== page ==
New Jersey is an expensive place to die

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 Q. What would the inheritance tax would be in New Jersey on $250,000? Someone told me it’s 20 percent.

A. New Jersey is an expensive place to die.

The state has two types of so-called death taxes: an inheritance tax and an estate tax.

A state estate tax will be assessed against any estate in New Jersey that’s worth more than $675,000.

“New Jersey does not impose the estate tax against property passing to a surviving spouse,” said Catherine Romania, an estate planning attorney with Witman Stadtmauer in Florham Park. “Otherwise, the estate tax is assessed without regard to the relationship of the person receiving the property.”

She said if a taxable estate — the value of all property owned by the decedent at death less certain allowed deductions — plus certain lifetime gifts do not exceed $675,000, there will be no New Jersey estate tax. To the extent the taxable estate plus taxable gifts exceeds $675,000, estate tax may be due at a graduated rate of 4.8 to 16 percent.

Also, a federal estate tax could be due on estates worth more than $5.34 million

Then there’s the inheritance tax.

Certain property, such as life insurance owned by a decedent and paid to a designated beneficiary other than the decedent’s estate, is exempt from the inheritance tax but not the estate tax, Romania said.

Otherwise, the inheritance tax is assessed based on the relationship of the beneficiary to the decedent and the amount received, she said. No inheritance tax is imposed on property passing to a spouse, domestic partner, descendant, parent, grandparent, stepchild or a charity, she said.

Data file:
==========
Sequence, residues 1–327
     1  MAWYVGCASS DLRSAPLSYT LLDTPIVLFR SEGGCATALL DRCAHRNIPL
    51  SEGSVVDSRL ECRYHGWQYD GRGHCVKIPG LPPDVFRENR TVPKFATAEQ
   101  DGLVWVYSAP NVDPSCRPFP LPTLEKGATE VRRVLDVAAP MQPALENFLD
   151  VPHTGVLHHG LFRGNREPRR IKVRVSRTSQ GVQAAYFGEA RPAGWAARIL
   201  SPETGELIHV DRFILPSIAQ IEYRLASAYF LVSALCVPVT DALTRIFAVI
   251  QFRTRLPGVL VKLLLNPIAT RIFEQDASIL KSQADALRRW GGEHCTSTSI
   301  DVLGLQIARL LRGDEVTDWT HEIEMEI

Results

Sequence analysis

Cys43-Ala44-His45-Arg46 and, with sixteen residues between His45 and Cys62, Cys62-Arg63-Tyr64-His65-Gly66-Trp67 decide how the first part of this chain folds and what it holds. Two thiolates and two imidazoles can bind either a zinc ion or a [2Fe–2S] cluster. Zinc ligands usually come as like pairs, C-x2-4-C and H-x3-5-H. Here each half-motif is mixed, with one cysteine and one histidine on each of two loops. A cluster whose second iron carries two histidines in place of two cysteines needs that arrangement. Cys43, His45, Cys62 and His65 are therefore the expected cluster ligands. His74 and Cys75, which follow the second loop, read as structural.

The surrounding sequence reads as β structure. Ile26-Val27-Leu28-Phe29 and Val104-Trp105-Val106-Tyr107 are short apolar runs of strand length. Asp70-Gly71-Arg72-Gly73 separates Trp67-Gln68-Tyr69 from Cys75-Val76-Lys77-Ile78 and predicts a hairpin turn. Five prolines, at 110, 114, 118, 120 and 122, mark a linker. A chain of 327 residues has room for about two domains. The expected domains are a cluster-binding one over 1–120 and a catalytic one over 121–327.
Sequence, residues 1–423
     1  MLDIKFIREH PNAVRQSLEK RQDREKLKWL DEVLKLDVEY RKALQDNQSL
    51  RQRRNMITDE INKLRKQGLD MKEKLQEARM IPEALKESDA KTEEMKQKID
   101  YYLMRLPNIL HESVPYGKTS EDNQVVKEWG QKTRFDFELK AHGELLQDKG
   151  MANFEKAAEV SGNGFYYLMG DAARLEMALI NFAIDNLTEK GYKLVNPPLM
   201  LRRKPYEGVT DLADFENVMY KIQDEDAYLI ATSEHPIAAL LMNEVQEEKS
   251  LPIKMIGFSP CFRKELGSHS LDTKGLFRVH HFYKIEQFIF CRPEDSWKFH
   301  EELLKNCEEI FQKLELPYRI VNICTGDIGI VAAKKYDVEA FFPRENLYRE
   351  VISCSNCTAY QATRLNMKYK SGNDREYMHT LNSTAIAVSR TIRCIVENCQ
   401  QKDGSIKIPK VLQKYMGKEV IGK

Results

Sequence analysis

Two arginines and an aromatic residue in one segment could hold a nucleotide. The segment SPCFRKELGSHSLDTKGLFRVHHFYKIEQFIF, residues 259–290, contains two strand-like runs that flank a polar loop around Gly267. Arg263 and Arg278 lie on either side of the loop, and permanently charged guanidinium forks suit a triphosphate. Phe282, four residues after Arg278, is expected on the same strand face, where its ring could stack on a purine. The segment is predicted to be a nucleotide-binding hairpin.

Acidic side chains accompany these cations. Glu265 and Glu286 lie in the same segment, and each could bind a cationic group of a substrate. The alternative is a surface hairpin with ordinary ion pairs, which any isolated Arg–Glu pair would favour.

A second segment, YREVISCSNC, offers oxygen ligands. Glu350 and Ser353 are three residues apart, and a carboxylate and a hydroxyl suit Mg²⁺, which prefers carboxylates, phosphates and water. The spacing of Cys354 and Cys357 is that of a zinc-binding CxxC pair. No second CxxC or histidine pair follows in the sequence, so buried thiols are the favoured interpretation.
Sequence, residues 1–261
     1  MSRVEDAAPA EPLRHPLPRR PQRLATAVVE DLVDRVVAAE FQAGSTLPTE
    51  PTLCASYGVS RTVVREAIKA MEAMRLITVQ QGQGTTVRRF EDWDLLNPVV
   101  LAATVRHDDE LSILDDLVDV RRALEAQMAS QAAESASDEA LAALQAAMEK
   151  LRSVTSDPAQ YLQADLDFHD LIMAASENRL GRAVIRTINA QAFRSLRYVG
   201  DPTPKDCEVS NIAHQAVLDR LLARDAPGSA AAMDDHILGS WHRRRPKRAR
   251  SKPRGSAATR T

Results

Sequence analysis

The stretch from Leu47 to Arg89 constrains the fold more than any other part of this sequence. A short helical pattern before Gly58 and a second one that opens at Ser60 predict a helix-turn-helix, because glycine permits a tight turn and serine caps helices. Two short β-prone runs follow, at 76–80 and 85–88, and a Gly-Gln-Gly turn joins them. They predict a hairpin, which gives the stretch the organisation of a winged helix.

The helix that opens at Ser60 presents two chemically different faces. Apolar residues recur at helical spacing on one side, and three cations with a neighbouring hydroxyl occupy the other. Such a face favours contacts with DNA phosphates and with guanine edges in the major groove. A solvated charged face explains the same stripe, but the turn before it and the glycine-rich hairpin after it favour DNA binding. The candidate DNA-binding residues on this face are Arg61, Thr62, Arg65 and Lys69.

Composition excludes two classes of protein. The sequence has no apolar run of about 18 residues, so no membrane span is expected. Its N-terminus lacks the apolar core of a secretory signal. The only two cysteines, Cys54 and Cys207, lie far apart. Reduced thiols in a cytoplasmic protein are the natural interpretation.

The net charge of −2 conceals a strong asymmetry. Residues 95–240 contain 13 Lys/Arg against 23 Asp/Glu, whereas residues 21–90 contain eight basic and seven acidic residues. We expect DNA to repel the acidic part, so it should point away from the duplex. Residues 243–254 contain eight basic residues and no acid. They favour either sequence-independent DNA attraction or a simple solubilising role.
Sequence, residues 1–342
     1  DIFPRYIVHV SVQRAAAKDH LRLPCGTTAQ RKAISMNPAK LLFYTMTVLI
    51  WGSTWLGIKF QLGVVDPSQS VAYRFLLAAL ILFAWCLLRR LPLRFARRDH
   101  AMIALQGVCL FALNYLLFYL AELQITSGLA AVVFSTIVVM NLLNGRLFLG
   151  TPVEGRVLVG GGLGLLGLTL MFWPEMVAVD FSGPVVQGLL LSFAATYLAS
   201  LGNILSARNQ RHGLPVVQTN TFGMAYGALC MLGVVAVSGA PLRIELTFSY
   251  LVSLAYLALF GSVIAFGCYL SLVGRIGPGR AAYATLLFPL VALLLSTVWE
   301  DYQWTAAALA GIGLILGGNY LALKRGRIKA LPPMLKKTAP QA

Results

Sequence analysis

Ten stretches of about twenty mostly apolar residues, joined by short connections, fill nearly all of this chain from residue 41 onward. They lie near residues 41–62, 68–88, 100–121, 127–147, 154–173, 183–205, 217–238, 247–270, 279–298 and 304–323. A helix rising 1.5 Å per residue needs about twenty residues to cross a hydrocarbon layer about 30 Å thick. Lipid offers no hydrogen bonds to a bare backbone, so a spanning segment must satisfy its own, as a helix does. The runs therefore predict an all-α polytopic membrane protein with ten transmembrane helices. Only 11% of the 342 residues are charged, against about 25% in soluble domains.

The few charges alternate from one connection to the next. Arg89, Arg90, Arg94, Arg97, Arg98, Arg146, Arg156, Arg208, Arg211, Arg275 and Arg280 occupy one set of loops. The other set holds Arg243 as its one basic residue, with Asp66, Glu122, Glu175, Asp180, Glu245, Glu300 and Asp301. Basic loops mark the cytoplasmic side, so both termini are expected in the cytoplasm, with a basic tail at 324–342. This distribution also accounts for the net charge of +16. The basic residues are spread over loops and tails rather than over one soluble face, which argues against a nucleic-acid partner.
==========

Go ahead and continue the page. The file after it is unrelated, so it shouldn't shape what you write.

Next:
Not so for everyone else.

New Jersey’s inheritance tax ranges from 11 to 16 percent on all real estate and personal property valued at $500 or more that is transferred upon death of a New Jersey resident to certain beneficiaries, said Shirley Whitenack, an estate planning attorney with Schenck, Price, Smith & King in Florham Park.

“There are five classes of beneficiaries referred to as A, B, C, D and E, although Class B was eliminated in 1963,” she said.

Class C beneficiaries include brothers, sisters, spouses and civil union partners of the decedent’s children, and surviving spouses and civil union partners of the decedent’s children, she said.

Class C beneficiaries pay a graduated tax ranging between 11 and 16 percent on inheritances in excess of $25,000.

Everyone else is a Class D beneficiary — with the exception of the State of New Jersey, its political subdivisions for charitable or public purposes, and certain charities and non-profit organizations — which are Class E beneficiaries, she said. Those are exempt from the payment of inheritance tax.

“Class D beneficiaries pay a tax of 15 percent on inheritances of $700,000 or less and 16 percent on inheritances in excess of $700,000,” she said, noting that life insurance proceeds paid to a named beneficiary are exempt.

In order to determine the amount of inheritance tax that would be imposed on $250,000 — your scenario — we’d need to know the relationship between the person who died and the person who is inheriting the assets.

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This story was first posted in December 2014. presents certain general financial planning principles and advice, but should never be viewed as a substitute for obtaining advice from a personal professional advisor who understands your unique individual circumstances.